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The AAPG/Datapages Combined Publications Database

AAPG Bulletin


Volume: 65 (1981)

Issue: 12. (December)

First Page: 2571

Last Page: 2593

Title: Stratigraphy and Structure of Southern Blake Plateau, Northern Florida Straits, and Northern Bahama Platform from Multichannel Seismic Reflection Data

Author(s): R. E. Sheridan (2), J. T. Crosby (2), G. M. Bryan (3), P. L. Stoffa (3)


Approximately 2,100 km of 24-fold multichannel seismic reflection data reveal much about the subsurface geology for a large part of the continental margin east of Florida. Discordance between the westward-dipping pre-breakup sediments and the eastward-sloping basement along the edge of the Blake Plateau is interpreted as an effect of a splinter of continental margin derived from the African plate by a spreading-center jump in the Middle Jurassic. Early rifting centered under the main part of the Blake Plateau became inactive, as a spreading-center jump shifted the active rift to east of the present Blake Escarpment along the Blake Spur magnetic anomaly.

In the northern Florida Straits the data reveal that the breakup unconformity, underlain by Triassic-Lower Jurassic(?) arkosic volcaniclastics, extends from southern Florida to the western Bahama Banks. These volcaniclastics are associated with the rift-crust of intermediate nature formed just prior to and during breakup of the North American and African continental plates.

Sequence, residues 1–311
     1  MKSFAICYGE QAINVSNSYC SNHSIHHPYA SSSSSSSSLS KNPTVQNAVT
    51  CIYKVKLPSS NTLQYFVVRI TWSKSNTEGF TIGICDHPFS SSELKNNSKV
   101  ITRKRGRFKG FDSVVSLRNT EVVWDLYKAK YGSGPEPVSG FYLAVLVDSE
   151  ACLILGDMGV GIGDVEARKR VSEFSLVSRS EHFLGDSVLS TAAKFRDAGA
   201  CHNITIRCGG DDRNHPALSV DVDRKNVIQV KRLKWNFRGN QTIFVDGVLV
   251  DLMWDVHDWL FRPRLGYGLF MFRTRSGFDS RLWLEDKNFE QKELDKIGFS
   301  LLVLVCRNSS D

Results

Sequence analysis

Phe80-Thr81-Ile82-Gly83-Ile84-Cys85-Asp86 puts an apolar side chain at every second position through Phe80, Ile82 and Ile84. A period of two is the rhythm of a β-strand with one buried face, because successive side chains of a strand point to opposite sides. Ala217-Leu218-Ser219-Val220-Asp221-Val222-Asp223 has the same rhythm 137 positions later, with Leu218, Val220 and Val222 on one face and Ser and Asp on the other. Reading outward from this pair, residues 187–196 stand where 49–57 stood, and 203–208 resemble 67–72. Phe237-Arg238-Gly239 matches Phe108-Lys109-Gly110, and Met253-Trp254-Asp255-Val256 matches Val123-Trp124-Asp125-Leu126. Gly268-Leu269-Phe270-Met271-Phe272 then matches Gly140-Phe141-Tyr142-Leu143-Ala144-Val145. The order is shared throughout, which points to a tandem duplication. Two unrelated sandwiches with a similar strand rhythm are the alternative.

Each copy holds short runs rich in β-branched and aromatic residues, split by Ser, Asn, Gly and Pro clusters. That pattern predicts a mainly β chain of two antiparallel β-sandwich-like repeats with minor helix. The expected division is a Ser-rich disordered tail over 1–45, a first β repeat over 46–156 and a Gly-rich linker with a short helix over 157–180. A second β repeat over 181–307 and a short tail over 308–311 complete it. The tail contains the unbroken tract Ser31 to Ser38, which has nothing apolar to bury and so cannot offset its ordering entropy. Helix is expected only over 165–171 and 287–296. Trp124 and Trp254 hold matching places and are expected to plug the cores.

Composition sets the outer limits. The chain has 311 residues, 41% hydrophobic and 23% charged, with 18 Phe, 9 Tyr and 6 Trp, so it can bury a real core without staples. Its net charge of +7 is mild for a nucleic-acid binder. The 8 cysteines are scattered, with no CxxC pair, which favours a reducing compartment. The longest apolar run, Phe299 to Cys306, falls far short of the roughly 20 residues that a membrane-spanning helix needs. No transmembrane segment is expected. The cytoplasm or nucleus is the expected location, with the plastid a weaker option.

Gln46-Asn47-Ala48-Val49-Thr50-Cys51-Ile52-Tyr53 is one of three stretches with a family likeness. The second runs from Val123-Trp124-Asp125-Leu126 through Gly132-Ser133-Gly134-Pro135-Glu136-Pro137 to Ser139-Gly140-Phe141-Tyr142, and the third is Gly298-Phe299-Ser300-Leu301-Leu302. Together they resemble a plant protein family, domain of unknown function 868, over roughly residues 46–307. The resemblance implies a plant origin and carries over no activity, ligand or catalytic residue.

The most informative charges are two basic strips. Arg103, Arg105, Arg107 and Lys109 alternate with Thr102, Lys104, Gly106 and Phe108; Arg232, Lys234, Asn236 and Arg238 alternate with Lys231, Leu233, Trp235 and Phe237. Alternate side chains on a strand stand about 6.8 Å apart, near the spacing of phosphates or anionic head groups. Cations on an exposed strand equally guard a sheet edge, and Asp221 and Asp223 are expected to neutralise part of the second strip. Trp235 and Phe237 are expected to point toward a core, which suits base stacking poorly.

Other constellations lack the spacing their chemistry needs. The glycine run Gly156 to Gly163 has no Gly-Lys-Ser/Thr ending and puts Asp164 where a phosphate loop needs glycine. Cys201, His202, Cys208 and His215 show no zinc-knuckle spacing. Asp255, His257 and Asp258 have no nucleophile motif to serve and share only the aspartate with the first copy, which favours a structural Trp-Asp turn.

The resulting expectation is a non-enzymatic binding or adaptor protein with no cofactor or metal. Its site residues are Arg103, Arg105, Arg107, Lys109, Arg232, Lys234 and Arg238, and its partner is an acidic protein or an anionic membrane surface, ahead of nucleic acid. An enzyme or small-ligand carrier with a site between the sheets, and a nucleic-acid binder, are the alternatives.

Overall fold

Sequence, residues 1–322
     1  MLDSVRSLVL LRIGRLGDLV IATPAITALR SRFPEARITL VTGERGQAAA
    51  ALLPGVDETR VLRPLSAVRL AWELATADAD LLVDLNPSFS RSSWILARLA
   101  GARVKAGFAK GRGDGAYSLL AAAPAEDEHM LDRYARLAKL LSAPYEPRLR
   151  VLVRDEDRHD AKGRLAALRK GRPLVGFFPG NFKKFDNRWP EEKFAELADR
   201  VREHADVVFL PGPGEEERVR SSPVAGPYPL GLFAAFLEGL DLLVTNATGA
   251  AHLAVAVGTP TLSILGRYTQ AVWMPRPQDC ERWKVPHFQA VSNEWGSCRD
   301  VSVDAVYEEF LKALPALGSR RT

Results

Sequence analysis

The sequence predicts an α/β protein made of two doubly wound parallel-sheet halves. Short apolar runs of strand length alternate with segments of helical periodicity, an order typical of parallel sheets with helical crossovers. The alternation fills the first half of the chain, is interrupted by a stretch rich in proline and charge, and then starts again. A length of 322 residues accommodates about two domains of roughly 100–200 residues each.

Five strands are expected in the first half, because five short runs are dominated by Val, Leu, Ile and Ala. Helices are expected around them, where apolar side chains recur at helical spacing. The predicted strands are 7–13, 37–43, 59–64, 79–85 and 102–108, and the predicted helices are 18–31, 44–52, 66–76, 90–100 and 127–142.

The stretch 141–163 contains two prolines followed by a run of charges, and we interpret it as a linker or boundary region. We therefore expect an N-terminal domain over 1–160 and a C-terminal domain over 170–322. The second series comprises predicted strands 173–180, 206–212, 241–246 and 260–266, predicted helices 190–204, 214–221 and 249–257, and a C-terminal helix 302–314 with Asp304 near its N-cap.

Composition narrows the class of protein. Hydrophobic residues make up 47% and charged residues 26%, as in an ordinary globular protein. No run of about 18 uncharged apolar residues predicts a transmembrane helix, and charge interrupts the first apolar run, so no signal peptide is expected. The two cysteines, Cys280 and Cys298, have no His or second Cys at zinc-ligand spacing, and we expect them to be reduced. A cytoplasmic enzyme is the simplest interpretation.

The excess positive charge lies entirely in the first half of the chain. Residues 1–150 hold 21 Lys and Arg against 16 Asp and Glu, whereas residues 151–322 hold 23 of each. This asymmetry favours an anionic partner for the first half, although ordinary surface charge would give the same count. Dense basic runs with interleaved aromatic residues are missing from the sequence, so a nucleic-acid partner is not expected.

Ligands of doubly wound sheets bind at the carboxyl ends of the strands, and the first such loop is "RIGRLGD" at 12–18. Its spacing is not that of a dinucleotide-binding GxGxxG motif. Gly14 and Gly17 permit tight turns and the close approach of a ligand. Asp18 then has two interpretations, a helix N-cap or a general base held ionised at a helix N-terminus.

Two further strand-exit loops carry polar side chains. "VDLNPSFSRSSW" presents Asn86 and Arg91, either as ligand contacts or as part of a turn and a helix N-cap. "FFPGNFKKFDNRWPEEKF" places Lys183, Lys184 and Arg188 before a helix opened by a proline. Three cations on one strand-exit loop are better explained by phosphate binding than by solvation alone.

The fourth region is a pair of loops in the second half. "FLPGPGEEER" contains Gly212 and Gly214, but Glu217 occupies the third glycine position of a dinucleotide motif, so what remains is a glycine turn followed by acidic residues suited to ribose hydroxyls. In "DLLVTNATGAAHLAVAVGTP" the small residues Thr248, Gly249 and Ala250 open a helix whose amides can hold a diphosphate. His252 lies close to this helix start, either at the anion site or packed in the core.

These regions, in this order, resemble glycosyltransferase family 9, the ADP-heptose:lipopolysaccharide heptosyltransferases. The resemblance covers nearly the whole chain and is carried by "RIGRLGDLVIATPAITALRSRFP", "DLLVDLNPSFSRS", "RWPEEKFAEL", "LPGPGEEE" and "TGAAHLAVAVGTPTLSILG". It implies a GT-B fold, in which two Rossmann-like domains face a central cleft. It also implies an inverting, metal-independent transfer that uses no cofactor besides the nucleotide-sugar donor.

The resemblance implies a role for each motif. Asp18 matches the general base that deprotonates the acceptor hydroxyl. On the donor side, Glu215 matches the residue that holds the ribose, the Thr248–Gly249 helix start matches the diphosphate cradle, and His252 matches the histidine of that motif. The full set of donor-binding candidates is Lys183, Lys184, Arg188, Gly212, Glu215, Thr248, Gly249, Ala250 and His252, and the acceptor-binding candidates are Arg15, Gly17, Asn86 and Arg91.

Back-reef platform deposits of limestones, dolomites, and evaporites of Late Jurassic to Albian age extend from the Blake-Bahama Escarpment westward beneath Florida. These deposits formed what once was a megabank extending over a wider area than the present smaller isolated Bahama Banks. The formation of the Florida Straits and Bahama channels occurred during the Cenomanian transgression. Only on the present Bahama Banks and Florida platform did shallow-water carbonate deposition persist to maintain a shallow-bank environment.

Evidence of recurring scour by current erosion is found in the Florida Straits. Erosional events apparently occurred in the middle Cenomanian, middle Paleocene, early-middle Eocene, and Eocene-Oligocene, which coincidentally are times of lower eustatic sea level according to Vail et al (1977a). This evidence of Florida current scour indicates that the current was present as far back as the Cenomanian.

Major faulting appears to have dropped the Northeast Providence Channel relative to the western Bahamas after the Albian. Submarine erosion and bank buildup created the channels and smaller relief features like Great Abaco Knoll beginning in about the Cenomanian.

A carbonate bank margin and reef complex was present along the Bahama Escarpment since the Middle Jurassic. Apparently these organic buildups seeded on originally shallow structural relief on oceanic basement created during the spreading-center jump to the position of the Blake Spur magnetic anomaly. The bank margin apparently has retreated at least 15 km from a Late Jurassic-earliest Cretaceous position now marked by a bench below the Au unconformity.

Active faulting occurred along the Great Abaco fracture zone at least through the Late Cretaceous and perhaps into the Tertiary. These relatively young tectonic events, together with the post-Albian faults in Providence Channel, indicate interactions between the Atlantic and Caribbean plates and that extensions of faulting have taken place far to the northeast of Cuba and the Greater Antilles.

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